Also read: Rethinking The Airline Hub
While measures are still being debated it can be safely assumed that the line wait times will increase and the requirement to get to the airport early will be enhanced. Onboard- a cough may be greeted with the same suspicion as using the lavatory nearest to the cockpit. And the mini chips and peanuts coupled with the can of coke priced at five times the retail value may not even be available. Note that addressing fear is something where measures have still not been well thought out.
On the ease of travel, the travel experience is wanting and has been wanting for decades. Not just innovation that drives convenience by taking away the human element (which has other motivations on why it was introduced) such as booking tickets online, checking in via-kiosks and buy-on-board meal options, rather innovation that goes to the heart of air-travel including seamless security, faster and more comfortable (and yet economic) aircraft, and a return to rational and sustainable pricing methodologies which can be driven by technology and transparency.
Confidence building measures will be key to business success
The government has already come up with guidelines for airlines that will be allowed to fly as the lockdown restrictions are lifted. These currently include keeping the middle seat empty and keeping the last three rows of the aircraft unoccupied in case a passenger has to be isolated. Put together these reduce the capacity (number of seats that can be occupied) by up to 40%. For instance, on a 180 seat aircraft with 6 seats to each row, only 27 rows with 4 seats each can be occupied. That is 108 seats. The airline now has to recover its cost of operations from 108 passengers as opposed to the usual volume of 150 to 160 passengers and the only way to do this is via higher ticket prices. Throw in the price sensitivity of air-travel demand and airline planners are left wanting for solutions. Social distancing also impacts the ability to stretch one’s legs on board, let alone buy food and products onboard.
In all elements of airline travel, touch-free interaction will be essential. Technologies such as facial recognition, RFID and computer vision can be leveraged at the airport. In the air, manufacturers like Airbus and Boeing may have to rethink aeroplane designs from seating to air-circulation and perhaps a focus on speed oversize will once again find its way to the forefront (note: subsonic and supersonic technology exists already that can enable Delhi-London flights to be flown in three hours they just have not found the focus to make them commercially viable).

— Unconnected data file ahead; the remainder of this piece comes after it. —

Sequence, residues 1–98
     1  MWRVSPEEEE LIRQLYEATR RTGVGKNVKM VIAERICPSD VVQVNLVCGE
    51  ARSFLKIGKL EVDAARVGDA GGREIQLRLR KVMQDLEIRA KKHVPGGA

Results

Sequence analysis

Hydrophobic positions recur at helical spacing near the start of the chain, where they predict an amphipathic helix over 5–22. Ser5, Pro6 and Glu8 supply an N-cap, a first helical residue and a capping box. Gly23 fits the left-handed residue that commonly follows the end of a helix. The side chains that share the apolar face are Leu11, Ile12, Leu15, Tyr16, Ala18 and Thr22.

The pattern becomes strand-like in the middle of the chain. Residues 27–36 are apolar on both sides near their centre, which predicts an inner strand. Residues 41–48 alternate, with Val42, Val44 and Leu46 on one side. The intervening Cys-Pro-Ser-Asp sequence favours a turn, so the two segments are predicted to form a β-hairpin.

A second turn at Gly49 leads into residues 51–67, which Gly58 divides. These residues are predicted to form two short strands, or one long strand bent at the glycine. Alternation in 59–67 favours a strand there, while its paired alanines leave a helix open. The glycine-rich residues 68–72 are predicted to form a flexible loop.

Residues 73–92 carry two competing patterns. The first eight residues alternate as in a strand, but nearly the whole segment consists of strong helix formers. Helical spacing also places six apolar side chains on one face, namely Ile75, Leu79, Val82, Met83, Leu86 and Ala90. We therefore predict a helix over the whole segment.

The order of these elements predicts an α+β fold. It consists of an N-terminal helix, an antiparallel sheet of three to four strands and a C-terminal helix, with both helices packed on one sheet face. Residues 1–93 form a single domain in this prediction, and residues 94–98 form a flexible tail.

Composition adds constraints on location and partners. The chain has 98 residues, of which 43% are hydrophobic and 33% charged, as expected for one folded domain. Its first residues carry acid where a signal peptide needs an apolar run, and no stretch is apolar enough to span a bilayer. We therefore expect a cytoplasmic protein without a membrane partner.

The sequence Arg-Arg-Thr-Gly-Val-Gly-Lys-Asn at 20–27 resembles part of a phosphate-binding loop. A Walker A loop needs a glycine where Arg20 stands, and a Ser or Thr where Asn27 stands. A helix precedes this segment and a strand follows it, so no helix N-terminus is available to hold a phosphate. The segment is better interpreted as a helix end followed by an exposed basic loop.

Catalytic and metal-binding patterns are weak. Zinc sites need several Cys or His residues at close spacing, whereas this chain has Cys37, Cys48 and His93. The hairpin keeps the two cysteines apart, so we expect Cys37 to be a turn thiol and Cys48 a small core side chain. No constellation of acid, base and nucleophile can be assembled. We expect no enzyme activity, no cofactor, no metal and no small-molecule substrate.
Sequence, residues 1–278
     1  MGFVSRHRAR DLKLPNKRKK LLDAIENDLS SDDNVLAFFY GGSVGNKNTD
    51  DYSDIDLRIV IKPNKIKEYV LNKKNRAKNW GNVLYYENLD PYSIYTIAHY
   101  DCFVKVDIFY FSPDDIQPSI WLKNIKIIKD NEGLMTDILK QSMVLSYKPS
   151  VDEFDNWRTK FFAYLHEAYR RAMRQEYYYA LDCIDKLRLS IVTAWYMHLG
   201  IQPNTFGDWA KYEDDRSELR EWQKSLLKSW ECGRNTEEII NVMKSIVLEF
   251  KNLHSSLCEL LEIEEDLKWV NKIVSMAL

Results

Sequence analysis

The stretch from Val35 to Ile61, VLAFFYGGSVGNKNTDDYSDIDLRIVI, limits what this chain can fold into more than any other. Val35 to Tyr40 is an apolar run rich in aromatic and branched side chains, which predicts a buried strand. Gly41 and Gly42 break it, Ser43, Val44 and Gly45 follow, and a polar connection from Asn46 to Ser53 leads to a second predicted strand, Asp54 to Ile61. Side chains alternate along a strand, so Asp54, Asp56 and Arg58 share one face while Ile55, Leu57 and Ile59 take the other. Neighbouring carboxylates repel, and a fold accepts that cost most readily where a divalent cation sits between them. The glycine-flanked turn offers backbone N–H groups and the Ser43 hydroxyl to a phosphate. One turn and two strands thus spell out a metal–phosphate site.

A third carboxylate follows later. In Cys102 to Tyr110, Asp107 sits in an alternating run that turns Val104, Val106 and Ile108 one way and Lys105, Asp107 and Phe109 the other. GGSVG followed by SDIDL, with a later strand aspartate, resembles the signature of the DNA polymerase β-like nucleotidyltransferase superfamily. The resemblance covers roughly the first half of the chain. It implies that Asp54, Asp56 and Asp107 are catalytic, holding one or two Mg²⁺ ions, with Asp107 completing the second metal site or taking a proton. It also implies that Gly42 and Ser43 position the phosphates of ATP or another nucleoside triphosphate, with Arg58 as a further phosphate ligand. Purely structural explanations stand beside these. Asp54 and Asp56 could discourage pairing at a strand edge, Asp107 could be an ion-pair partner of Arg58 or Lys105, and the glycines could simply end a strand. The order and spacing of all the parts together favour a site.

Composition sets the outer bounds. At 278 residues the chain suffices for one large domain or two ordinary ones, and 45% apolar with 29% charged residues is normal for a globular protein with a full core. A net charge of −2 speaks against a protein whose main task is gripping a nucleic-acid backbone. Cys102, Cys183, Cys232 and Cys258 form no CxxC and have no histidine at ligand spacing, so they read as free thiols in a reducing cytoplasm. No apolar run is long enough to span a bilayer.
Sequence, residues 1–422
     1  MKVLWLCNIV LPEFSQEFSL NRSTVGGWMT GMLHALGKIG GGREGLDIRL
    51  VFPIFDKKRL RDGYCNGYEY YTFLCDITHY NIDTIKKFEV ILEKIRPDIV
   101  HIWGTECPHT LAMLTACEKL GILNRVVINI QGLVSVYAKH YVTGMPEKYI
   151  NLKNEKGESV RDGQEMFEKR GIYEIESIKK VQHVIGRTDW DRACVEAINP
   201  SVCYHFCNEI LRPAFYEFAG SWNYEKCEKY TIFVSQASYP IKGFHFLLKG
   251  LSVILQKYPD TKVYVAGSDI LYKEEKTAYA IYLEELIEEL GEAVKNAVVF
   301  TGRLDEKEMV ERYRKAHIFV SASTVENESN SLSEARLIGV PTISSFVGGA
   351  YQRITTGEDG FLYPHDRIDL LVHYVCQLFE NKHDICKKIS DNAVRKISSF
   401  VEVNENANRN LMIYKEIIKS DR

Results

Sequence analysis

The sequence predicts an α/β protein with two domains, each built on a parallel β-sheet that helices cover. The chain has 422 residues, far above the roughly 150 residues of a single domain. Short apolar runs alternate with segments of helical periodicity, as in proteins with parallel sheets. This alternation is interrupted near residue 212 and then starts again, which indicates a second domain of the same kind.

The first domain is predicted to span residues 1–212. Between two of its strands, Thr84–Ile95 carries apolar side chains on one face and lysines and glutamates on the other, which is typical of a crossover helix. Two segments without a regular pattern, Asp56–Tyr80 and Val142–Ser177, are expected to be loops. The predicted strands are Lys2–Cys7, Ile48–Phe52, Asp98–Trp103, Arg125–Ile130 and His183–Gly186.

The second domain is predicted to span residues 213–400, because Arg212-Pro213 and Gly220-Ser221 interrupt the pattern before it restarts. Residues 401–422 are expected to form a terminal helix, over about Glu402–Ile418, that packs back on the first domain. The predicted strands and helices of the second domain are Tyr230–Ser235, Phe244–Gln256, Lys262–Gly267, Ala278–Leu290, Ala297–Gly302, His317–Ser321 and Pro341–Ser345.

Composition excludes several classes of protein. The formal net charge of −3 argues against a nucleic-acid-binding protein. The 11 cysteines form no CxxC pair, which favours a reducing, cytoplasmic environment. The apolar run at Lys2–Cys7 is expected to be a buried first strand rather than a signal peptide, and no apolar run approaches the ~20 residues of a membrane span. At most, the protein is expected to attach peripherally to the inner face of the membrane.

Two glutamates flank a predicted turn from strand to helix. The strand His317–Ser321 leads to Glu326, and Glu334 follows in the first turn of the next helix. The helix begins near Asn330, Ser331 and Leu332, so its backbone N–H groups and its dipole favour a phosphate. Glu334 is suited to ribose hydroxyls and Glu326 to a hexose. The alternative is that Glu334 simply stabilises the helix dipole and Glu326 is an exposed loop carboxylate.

The new normal may very well be more pleasant than the old ways of travel
As it stands, airlines are staring at a steep descent and efforts are underway to recover and stabilize. Air travel demand is likely to be depressed and many echo the sentiment that initially only the folks who absolutely need to travel will take to the skies. Gradually as confidence builds (or declines) depending on reports and reactions, incremental measures will be taken. As it stands airline model will not only require tweaking but the transformation to enable profitable flying in the times to come.
And regardless of the pandemic, in time folks will fly again. Because exploration has always been a part of our lives; because weve not only conquered the skies but were also getting closer to commercial space travel; and because the connectivity is core to our being. And air-travel makes all of this possible.
The current narrative assumes that the new-normal builds on the old base and old ways of travel which will by all accounts be more cumbersome. But with innovation, there could be another reality: where the new normal may very well be more pleasant than the old ways of travel.
Disclaimer: The views expressed in the article above are those of the authors’ and do not necessarily represent or reflect the views of this publishing house. Unless otherwise noted, the author is writing in his/her personal capacity. They are not intended and should not be thought to represent official ideas, attitudes, or policies of any agency or institution.